If you’re meeting friends for dinner, say to yourself, “I’m going out to dinner and I’m going to have dessert.” When you plan your “indulgences", you’re giving yourself a chance to get comfortable with them, look forward to them, and properly savor them. And you’re a lot less likely to regret them!

Then after you’ve had that delicious dessert, and you’re thinking about the next day, say to yourself, “I’m going to a power yoga class and then I’ll make myself a nourishing green smoothie—not as a punishment, but because it makes me feel good…and it’s what my body needs.”

When we plan, acknowledge, and address the way we feel about food, it’s easier to step back and see the big picture. We can decide to happily partake in our indulgences and then move on with healthy choices. Most importantly, we release the power that they might have over us.

Guilt has absolutely no place in our relationship with food. It’s unhelpful, unhealthy, and completely counter-productive. So, let’s commit to eating food that makes us feel good, whether because it's nourishing or because it's a pleasurable splurge that we give ourselves permission to enjoy...unapologetically.

Now it’s your turn: How often do you feel guilty about what you eat? How do you deal with your guilt? Let’s inspire one another to release it!

P.S. If you have any questions about food guilt or your Food Story that you’d like to ask me privately, feel free to email me ( I’m here to help!


  • Yeimi Gagliardi says:

    Hi Elise! I love your website! I met you at one of your NIH Children’s Inn cook demos. I still use some of your recipes at home.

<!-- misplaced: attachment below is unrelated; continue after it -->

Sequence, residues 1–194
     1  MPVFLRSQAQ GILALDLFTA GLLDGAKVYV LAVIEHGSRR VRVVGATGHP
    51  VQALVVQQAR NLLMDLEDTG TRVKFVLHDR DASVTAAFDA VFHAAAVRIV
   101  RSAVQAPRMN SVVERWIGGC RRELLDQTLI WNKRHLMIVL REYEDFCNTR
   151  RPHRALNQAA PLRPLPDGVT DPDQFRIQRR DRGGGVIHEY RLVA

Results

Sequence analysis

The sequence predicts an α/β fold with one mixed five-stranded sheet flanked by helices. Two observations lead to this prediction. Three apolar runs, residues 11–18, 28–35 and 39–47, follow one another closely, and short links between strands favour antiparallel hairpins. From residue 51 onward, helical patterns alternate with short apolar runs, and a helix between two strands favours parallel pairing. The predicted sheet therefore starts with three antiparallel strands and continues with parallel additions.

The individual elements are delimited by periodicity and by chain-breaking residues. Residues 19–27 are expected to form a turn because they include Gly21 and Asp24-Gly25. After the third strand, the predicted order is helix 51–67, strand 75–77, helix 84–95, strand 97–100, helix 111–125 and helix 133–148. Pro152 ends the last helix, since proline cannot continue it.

I do not think so much about guilt. Food can be a pleasurable experience. I find that allowing yourself to be mindful and present whenever you eat is a good way to go about it. To me is more important the connection and the socialization that happens when we gather for meals. We try to have a little bit of everything, fruits veggies and some treats.

    I also grew up in a third world country were food was not always available, and there is so much here!
    There always has to be a balance.

    Once I went to do charity work at a prison and the inmates cooked in South America. They did not have much, in fact, the only grain the had available was some homemade bread, with white processed flour! IT was DELICIOUS!

    I knew it was not the best option or the healthiest, but I was grateful to be able to share that bread with them. It was all they had and they had the heart and soul to share it with us. I work with many undeserved families and sometimes the only food they had are highly processed foods. We try to educate people about making better choices, but sometimes the food pantries only have processed foods. From my part I do try to donate foods that are healthy in hopes that, little by little, we can offer the healthy option as the easy option, for all, regardless of their income.

    • Hi Yeimi!

      So nice to see you here after meeting you at the Children’s Inn. I really appreciate your thoughtful comments that you bring to this conversation. It is so easy to lose perspective and forget how lucky we are to have food available to us at all times. Thank you for the important reminder.

      You are so right that there always has to be a balance for everyone involved.

      Thanks for sharing!


  • Andria says:

    Hi Elise…I feel like you wrote this article just at the perfect time. I’m on vacation at an all inclusive resort and was worried about being ‘bad’!!’ It’s a word I’m ashamed to say I use A LOT. Today I woke up and decided I’m taking it meal by meal and day by day. I was happy with my breakfast choices. Buffets have always been a challenge for me. This week I’m working on listening to what my body needs, allowing myself some balance and eliminating the words ‘bad’ and ‘guilt’ from my vocabulary!!!

    • Hi Andria! I am so glad to hear that this post resonated with you. I love that you are going to really go on a vacation and not bring those words along with you:). Enjoy your time away.

  • Gisela says:

    Thank you for offering suggestions on how to release the food guilt. I love your blog (and the design)! 🙂 🙂 🙂